I think the more likely alternatives are who pays and in what form. For example, rather than charge owners and managers, we could have looked at some kind of guest monetisation, whether through guest in-app purchases, or through adverts. We could also have opted to charge owners and managers based on guest usage, e.g. if you have 10 bookings a year versus 10,000.
In the end, every alternative had a level of complexity that wasn’t necessary as a start-up business. The pure simplicity of a fixed monthly or annual recurring fee just made sense.
Simplicity does, of course, have downsides. A flexible subscription model allows customers to cancel the service very easily, so called “churn”. Fortunately we’ve found churn rates relatively low, but it can be a curse to some businesses trying to build a sustainable month-to-month subscription model.
PTM – As one of the first things a guest sees, post-booking, is the Touch Stay app. How important has getting the aesthetic design right been? How do you balance functionality with an attractive interface?
A.M – This is a constant tension for our business. Ultimately the goal is for function and design to act as one. It’s useless having something pretty that doesn’t work well. The reverse is also true that function without aesthetic loses an emotional connection.
Think Android vs iPhone a few years ago. Whilst Android phones undoubtedly had superior function/tech, the iPhone just looked much more beautiful!
How do we balance function and aesthetic? Simply by being aware that one fails without the other. We also have quite a diverse team, mixing nationalities, gender and skillset, all with quite curious minds. The result usually means lots of ideas and perspectives at the outset, which we form a consensus around, ultimately resulting in a product that has balance too.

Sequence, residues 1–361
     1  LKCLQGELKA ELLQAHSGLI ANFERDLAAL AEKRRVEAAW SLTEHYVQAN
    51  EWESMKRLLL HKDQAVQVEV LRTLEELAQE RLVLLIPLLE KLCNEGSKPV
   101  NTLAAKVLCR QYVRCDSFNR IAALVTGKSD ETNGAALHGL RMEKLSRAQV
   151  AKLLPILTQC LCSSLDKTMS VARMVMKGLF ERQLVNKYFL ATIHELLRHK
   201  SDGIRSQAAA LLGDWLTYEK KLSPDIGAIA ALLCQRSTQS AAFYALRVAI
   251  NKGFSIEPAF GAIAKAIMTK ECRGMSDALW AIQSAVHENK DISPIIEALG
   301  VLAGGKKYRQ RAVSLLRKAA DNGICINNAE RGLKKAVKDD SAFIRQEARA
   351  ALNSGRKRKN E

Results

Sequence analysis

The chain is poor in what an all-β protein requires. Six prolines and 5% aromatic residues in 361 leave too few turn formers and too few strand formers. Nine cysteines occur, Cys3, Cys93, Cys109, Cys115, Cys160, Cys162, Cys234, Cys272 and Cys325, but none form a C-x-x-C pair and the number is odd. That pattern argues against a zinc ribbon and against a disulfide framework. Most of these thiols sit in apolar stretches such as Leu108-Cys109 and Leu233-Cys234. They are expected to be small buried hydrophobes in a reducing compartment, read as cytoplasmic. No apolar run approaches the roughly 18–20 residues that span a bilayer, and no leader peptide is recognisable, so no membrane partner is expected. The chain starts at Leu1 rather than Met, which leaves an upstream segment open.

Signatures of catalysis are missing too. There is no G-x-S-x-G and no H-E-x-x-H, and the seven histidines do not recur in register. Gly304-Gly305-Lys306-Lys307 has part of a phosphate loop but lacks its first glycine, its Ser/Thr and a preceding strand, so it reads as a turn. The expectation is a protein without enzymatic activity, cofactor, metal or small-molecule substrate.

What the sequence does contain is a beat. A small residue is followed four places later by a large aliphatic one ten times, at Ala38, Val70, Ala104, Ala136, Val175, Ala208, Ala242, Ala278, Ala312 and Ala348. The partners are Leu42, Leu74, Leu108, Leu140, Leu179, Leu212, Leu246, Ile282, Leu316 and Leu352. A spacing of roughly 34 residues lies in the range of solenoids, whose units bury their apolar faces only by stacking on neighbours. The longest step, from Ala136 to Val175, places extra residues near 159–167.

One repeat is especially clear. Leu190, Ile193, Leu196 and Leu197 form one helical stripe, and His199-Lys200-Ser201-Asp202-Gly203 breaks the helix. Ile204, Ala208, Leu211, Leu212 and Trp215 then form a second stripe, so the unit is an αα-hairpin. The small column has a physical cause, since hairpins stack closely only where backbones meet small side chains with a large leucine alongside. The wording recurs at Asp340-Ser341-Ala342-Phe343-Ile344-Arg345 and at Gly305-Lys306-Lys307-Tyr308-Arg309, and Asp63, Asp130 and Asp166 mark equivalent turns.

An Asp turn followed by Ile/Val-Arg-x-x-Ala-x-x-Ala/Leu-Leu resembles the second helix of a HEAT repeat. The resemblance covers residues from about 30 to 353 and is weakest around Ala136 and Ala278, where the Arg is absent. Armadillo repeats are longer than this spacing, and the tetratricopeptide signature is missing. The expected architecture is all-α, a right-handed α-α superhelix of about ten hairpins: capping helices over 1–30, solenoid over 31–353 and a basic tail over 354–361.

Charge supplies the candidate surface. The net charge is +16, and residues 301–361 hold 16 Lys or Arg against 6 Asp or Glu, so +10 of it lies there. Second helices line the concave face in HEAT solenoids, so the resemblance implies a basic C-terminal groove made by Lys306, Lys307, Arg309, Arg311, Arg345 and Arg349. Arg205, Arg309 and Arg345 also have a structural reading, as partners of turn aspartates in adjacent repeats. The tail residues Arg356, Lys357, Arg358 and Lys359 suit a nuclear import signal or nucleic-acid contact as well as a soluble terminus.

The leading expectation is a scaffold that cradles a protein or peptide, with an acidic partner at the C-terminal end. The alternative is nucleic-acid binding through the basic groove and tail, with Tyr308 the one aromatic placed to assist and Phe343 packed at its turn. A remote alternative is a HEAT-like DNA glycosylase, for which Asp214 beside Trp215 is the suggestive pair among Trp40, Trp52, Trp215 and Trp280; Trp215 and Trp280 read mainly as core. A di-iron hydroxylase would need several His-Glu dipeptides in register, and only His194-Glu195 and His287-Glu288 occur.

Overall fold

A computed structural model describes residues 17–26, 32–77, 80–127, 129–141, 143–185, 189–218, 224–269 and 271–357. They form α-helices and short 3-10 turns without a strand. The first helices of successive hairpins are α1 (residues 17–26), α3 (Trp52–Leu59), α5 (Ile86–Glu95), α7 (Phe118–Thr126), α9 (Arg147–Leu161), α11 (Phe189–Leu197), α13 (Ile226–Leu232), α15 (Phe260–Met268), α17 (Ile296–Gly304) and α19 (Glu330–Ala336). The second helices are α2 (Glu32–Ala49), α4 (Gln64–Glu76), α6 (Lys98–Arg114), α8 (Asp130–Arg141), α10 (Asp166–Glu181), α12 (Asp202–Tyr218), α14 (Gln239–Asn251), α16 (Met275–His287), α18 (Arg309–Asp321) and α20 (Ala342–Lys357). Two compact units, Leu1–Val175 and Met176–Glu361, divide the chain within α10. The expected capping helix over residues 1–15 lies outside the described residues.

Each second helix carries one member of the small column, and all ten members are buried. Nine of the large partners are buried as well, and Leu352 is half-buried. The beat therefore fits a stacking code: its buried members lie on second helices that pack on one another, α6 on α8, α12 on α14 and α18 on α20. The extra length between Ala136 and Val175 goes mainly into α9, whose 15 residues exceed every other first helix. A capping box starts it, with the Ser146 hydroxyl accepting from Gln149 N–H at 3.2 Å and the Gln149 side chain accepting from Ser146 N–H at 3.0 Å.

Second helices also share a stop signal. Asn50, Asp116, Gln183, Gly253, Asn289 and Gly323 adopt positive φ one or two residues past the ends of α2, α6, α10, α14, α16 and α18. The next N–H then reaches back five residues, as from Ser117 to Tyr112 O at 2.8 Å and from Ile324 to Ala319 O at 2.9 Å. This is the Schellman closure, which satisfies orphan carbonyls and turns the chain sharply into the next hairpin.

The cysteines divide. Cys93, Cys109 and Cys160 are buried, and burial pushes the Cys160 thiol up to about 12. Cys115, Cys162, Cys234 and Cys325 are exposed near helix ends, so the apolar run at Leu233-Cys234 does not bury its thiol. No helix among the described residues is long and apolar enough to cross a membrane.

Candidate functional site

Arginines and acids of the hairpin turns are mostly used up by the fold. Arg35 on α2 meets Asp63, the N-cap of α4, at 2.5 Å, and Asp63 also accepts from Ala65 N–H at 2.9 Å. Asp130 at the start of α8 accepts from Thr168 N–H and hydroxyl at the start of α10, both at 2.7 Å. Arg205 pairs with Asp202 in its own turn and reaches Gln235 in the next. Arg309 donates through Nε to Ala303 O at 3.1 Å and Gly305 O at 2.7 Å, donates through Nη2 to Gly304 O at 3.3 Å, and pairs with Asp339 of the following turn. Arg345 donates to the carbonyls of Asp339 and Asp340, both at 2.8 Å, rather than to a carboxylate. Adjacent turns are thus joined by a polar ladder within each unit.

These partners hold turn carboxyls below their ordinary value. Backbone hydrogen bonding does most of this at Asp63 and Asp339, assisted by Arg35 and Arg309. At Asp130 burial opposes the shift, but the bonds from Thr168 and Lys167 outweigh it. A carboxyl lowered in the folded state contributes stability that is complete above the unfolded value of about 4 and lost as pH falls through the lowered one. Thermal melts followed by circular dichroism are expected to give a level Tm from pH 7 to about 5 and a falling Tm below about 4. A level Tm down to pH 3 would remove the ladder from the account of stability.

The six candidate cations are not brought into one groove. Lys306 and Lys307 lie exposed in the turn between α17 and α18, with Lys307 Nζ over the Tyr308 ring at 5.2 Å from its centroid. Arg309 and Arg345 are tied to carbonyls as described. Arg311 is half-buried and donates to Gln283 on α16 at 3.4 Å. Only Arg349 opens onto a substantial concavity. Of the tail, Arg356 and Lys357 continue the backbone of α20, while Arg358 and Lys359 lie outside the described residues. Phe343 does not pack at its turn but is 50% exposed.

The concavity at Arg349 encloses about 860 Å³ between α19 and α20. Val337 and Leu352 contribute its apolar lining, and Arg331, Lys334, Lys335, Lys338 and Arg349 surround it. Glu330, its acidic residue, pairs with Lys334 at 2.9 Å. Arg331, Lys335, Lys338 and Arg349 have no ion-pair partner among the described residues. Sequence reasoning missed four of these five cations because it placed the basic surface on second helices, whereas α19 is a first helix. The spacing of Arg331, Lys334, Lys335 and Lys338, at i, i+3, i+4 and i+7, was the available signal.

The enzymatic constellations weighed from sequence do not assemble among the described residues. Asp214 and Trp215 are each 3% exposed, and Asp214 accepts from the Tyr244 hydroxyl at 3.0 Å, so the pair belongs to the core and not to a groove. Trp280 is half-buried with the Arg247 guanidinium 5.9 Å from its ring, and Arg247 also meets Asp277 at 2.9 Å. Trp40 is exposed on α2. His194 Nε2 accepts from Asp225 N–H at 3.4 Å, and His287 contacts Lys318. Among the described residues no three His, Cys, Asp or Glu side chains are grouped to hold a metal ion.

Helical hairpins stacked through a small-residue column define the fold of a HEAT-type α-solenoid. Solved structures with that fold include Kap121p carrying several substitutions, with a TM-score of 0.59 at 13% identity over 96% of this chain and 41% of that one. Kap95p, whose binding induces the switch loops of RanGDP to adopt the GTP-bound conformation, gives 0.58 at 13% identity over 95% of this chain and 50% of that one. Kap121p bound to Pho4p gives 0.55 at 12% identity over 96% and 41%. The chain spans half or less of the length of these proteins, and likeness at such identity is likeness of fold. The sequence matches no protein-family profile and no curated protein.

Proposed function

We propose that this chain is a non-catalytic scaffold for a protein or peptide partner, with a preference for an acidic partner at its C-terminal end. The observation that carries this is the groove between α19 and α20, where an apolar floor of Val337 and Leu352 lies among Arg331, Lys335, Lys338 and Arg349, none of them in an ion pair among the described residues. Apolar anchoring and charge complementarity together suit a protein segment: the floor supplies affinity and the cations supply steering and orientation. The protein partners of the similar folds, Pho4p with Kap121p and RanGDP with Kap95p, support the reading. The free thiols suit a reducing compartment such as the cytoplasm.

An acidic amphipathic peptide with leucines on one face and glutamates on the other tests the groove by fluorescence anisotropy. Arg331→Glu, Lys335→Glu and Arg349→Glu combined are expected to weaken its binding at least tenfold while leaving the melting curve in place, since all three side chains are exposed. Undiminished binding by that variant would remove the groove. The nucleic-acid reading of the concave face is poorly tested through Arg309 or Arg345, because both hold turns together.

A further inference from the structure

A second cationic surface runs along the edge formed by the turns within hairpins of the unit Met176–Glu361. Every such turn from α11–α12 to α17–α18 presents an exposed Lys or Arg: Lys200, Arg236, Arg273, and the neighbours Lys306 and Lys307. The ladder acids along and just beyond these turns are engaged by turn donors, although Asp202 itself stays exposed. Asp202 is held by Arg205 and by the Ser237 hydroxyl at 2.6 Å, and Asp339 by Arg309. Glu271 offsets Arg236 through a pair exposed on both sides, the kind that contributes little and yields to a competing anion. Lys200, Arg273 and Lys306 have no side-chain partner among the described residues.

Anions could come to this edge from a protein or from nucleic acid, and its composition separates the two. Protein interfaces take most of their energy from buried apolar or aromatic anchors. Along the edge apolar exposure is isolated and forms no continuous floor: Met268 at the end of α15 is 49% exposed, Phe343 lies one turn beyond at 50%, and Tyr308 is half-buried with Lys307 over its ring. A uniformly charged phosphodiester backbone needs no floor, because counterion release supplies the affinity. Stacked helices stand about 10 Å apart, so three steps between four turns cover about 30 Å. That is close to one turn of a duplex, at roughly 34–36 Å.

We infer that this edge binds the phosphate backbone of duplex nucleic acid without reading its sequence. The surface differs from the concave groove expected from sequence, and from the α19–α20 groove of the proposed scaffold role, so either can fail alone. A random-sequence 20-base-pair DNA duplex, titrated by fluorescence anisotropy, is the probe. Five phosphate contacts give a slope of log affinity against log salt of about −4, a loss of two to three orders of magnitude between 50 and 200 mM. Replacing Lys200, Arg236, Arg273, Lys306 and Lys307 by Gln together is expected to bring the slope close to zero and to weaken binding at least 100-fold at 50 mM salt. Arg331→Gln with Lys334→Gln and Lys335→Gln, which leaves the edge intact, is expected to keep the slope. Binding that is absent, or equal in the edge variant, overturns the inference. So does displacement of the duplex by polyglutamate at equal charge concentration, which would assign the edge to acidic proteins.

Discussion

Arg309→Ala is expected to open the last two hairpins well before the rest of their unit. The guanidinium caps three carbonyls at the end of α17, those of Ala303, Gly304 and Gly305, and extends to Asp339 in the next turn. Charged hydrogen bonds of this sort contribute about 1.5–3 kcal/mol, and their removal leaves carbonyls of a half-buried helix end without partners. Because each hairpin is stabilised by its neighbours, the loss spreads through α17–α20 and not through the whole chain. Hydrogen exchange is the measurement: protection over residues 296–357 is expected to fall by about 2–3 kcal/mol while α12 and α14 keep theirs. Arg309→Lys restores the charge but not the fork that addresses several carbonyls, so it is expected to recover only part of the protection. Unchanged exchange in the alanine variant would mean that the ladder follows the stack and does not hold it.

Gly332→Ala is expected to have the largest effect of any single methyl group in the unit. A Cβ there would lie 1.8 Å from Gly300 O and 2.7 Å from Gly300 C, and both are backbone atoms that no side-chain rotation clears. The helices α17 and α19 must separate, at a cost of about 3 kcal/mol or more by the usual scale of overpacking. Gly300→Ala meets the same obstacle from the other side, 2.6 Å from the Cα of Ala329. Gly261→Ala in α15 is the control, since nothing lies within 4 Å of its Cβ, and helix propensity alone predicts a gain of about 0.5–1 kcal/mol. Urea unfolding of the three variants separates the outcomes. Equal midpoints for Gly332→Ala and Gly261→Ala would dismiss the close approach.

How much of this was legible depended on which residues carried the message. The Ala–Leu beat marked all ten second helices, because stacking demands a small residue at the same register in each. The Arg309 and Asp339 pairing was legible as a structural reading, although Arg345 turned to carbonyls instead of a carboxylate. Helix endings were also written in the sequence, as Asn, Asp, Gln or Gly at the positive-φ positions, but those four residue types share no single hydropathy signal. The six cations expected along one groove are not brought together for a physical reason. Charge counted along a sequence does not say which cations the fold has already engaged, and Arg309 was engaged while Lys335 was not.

We have an added complexity because we have two user types: our customers (who interact with our dashboard) and their customers/guests (who interact with the guest view). We focused heavily on the guest view during 2019, releasing both a new design but also a lot of new functional features. During 2020 we are putting that same effort into our dashboard view so that our customers have a more modern and intuitive interface.
PTM – Your route to funding has been unusual in today’s climate of big VC or PE funding announcements. In fact, many of your customers are your investors. Can you share a little bit about your funding story and why you chose that route?
A.M – We went through the Virgin Startup Accelerator in late 2018, with the goal of raising capital via a crowdfund. For a number of reasons we decided that crowdfunding wasn’t right for us.
The alternative at that stage was to seek angel or venture capital, or continue financing the business ourselves. Despite having experience of raising capital (I was interim CEO at Victoria Beckham’s fashion business when we raised £30m of PE money), we felt a more obvious path was to offer the opportunity to our own customers. After all, they understand the product, the industry and the potential.
We have an external lead investor, but the majority of our investor base are customers. It’s not just that they are customers, but that they each bring a different perspective. And, in a few cases, open doors for us. That kind of financing approach at an early stage is vital, in my opinion. To be able to drop a line to one of them who has experience in x is invaluable.
This approach doesn’t rule out a larger capital raise from a VC. Quite the opposite, it’s allowed us to scale up faster, prove our model and position us for the next stage.